• Worry about increased susceptibility to infections, damage to vital body organs like the brain, lungs, kidneys, and spleen, and acute pain crises, among other health complications
  • Worry about survival prospects, long-term health prospects, and other issues surrounding uncertainty in prognosis
  • Fear about the symptoms worsening or the condition progressing because of the lack of a definitive cure and limited management options.
  • Concerns about independent living and fulfillment in the future due to adverse impacts of the condition on various aspects of daily life like social activities, education, and work
  • Worry about the affordability of frequent medical visits and hospitalizations.
  • Reduced life expectancy
  • Worry about passing the condition to their offspring, as the SCD is a genetic

Finding Light in the Dark: Navigating Mental Health Challenges with Sickle Cell Disease

Dealing with straining mental health illnesses like anxiety and depression is very ordinary for someone living with sickle cell disease. This is how a lot of people in your shoes feel. However, there are methods to manage your mental health and improve your general well-being.

The Power of Positive Thinking

Humans are pre-wired to see positives in each circumstance less predominantly and lean more towards the negativity. However, positive outlooks, affirmations, and mindsets can help counteract this negative bias. A 2015 study revealed that positive affirmation can redirect thought processes, positively impacting the brain’s neural pathways. This can help manage unhealthy, negative thoughts often associated with sickle cell disease, depression, anxiety, and other physical and mental health issues.

When you cultivate a positive mindset, you are not aiming to ignore the harsh realities of grappling with mental health issues and SCD. Instead, you strive to reframe your challenges with your condition as an opportunity to grow, develop resilience, and manage your mood. It’s an effective management tool to add to your treatment plan. When you adopt a positive outlook, you can:

  • Boost Immune Function: Optimism not only enhances your mood. Research has indicated that seeing your glass as half full, not half empty, also improves your immune system. This is vital as SCD can raise the risk of infections, as sickle-shaped cells can harm the spleen, an organ that aids in the defense against infections. This damage could increase a person’s vulnerability to infections like pneumonia. In addition, mental health conditions such as anxiousness and depression that SCD warriors often battle with also, on their own, affect an individual’s immune system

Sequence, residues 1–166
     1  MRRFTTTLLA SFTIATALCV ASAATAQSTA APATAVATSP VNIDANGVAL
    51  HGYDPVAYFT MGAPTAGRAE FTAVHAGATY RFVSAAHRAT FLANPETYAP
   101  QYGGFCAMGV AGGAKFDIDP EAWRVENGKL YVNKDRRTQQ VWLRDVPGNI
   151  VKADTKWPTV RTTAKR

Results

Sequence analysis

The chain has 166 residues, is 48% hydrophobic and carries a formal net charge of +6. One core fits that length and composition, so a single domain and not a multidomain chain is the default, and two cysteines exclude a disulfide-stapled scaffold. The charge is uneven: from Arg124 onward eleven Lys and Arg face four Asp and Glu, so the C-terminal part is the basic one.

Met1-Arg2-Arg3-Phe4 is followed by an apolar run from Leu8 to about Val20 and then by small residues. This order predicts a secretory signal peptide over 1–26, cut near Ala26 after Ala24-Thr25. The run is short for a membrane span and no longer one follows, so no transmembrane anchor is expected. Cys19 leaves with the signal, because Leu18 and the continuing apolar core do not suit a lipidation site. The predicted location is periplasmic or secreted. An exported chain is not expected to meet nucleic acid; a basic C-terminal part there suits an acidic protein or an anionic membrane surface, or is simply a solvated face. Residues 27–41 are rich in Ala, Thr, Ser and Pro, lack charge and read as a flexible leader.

• Enhance Resilience: A positive outlook about your life and future can help you get the strength to overcome obstacles and get back to your feet when you fall.
  • Boost Coping Mechanisms: A positive mind can help you have the right mindset to manage your symptoms, pain, uncertainty, and discomfort and be interested in actively participating in your healthcare.
  • Foster emotional well-being: Positivity about your condition can improve your ability to manage the associated negative emotions, make you more optimistic, and give you pleasure and satisfaction.

How To Practice Positivity

Here is how you can cultivate positivity as you grapple with SCD and co-morbid mental health issues:

  • Practice gratitude: Find something to be thankful for, no matter how minor. It can be your supportive spouse, child, parents, friend, academic and career achievements, or even your boss and accommodating work environment.
  • Accept help from those you trust: Create a circle of people who are always there to hold your hand, encourage you, sympathize with you, and understand your condition without pre-judgments. This can be your family, other people in your shoes, healthcare professionals, and friends.
  • Focus on self-care: Taking time to look after yourself may do wonders for your mental stamina and energy levels. So, make time for what you like, relax with yoga or meditation, watch what you eat (try to eat a balanced diet), and perform the exercises your doctor recommends.
  • Challenge any negative thoughts: Learn to replace negative thinking patterns with more optimistic ones. Learn to see any setback as an opportunity to learn and better manage your condition.

Looking Forward for a Better Tomorrow

It’s OK sometimes to feel hopeless and like giving up. It’s difficult to manage mental health illnesses while living with sickle cell disease (SCD), as many who have experienced your road may attest. But there is a glimmer of courage and optimism despite your difficulties. Stay strong, and know that you have support. When things get tough, don’t be afraid to ask for help. Wherever you go, whether online, in your neighborhood, or at work, you’ll always find someone who will understand you and is ready to stand with you.

Also, give yourself time to do things that make you feel good. They can greatly improve your psychological, emotional, and physical well-being. You’re stronger and braver than you think, and each day adds a new chapter to your inspiring story. Continue writing your story of hope, courage, and resilience amid your mental and physical hardships!

References and Further Reading

  1. https://www.psychiatry.org/patients-families/depression/what-is-depression
  2. https://www.ncbi.nlm.nih.gov/pmc/articles/PMC6681242/
  3. https://pubmed.ncbi.nlm.nih.gov/29296845/
  4. https://www.ncbi.nlm.nih.gov/pmc/articles/PMC5728280/
  5. https://www.ncbi.nlm.nih.gov/pmc/articles/PMC4814782/
  6. https://www.nbcnews.com/health/health-news/optimism-can-boost-your-immunity-flna1C9449541
  7. https://neurosciencenews.com/immune-system-mental-health-14737/